Toronto is home to some of Canada’s fastest internet infrastructure, yet there continues to be a digital divide separating those who have access to the internet at home, according to a new report.
Ryerson’s Brookfield Institute for Innovation + Entrepreneurship has found that 38 per cent of Toronto households have experienced download speeds below the Canadian Radio-television and Telecommunications Commission (CRTC)’s national target of 50 megabits per second.
With COVID-19 creating an increased dependence on technology, Toronto Mayor John Tory emphasized how important it is that all Toronto residents have reliable internet access.
“Having access to a reliable and affordable internet connection is a lifeline for many residents and businesses in Toronto,” he said. “Without sufficient connectivity, many are left behind by an increasing digital divide – especially during COVID-19, where it has become vital to maintain business operations and access supports and learning.”
The City of Toronto is looking to address that by building its own network. Members of the city’s executive committee voted unanimously that city council should proceed with a ConnectTO proposal to build a broadband network, using existing city fibre-optic cables while pursuing new partnerships with private sector firms.
Lawrence Eta, the city’s chief technology officer, says “unlocking” these existing assets will ensure those who need access to the internet are receiving it quickly since the necessary infrastructure is already in place.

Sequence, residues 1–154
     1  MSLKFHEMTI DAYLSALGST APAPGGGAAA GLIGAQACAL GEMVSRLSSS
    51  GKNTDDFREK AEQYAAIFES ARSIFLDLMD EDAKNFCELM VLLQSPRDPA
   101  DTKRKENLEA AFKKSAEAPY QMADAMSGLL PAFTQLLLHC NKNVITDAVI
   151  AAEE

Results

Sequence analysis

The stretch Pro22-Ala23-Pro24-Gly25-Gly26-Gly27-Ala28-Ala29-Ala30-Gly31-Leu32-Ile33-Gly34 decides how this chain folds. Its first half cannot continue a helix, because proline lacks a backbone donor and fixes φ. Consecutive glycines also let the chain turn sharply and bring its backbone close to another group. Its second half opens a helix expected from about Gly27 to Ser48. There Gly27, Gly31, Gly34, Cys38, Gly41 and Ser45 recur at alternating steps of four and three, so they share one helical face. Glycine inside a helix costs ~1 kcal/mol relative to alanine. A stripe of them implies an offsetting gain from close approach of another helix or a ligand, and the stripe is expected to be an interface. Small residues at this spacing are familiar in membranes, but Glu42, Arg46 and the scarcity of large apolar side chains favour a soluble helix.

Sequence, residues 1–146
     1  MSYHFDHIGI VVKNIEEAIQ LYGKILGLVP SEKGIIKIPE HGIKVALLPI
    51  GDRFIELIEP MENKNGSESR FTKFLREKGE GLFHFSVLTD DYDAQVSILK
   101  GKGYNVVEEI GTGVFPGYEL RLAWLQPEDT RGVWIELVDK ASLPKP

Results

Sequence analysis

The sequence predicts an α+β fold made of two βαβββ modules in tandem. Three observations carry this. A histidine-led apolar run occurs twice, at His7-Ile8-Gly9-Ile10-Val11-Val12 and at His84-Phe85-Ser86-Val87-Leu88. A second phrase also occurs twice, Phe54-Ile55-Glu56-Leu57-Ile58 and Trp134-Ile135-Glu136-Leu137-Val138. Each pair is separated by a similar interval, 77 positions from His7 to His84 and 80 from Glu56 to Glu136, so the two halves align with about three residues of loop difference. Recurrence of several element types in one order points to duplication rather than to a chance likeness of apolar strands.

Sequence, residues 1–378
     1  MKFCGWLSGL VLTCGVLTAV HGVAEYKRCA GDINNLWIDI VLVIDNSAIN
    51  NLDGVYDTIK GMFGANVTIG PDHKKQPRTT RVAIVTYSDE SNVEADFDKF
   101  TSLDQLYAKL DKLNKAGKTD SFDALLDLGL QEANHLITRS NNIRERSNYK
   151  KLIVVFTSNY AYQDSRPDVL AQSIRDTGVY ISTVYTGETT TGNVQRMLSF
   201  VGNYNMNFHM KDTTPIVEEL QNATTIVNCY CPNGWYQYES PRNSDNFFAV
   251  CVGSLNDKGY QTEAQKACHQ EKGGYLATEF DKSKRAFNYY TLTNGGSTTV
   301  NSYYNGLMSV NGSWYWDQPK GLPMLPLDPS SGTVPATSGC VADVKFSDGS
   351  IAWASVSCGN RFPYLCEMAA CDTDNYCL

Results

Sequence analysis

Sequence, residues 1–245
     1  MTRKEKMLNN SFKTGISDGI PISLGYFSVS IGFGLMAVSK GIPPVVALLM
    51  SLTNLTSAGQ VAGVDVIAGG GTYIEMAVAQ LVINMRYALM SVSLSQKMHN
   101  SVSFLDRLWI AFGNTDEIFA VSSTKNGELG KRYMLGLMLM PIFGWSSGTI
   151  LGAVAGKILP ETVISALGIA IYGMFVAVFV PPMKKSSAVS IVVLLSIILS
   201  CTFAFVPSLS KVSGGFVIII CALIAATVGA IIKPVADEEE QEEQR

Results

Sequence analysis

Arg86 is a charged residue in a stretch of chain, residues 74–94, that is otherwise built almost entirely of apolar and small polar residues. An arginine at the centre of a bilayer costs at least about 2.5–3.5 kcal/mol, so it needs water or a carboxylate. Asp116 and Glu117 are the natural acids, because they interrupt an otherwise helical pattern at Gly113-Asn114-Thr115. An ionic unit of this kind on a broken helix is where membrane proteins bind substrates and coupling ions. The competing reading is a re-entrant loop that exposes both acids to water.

Joe Masoodi, a co-author of the Brookfield report and a policy analyst at the Ryerson Leadership Lab, says that without action, this digital divide will continue to widen since it’s primarily affecting low-income households.
“The digital divide is not spread evenly across the population but rather, it is mapped upon the pre-existing socio-economic and socio-cultural inequities,” he said.
The Brookfield report finds that 34 per cent of Toronto households are worried about paying their internet bills over the next several months. Rates of worry are highest among low-income, newcomer, single parent, Latin American, South Asian, Black and Southeast Asian residents.
While the report also reveals only two per cent of Toronto households don’t have access to home internet, half of those who remain disconnected say it’s because of the cost.
Peter D’Gama serves as chair of the Etobicoke branch of ACORN, an independent national organization of low and moderate-income families. He says the ConnectTO proposal is a “step in the right direction” and hopes to see this broadband infrastructure implemented across the city with a low price structure for those who currently can’t afford it.
The Brookfield report identifies six neighbourhoods in the city with the lowest home internet access rates: Humber Summit, Jane and Finch, South Parkdale, East Downtown, Taylor-Massey, Thorncliffe Park and West Hill.
If passed in council, ConnectTO could be implemented in three neighbours later this year: Jane and Finch, Golden Mile and Malvern. After that, a report would go back to council on its progress with potential for the next phase of the project launching city-wide in early 2022.
“ConnectTO will help to create a digitally connected Toronto, which means everyone can prosper and enjoy a better quality of life,” said Tory.
Article by Cassandra Dubiel for the Ryersonian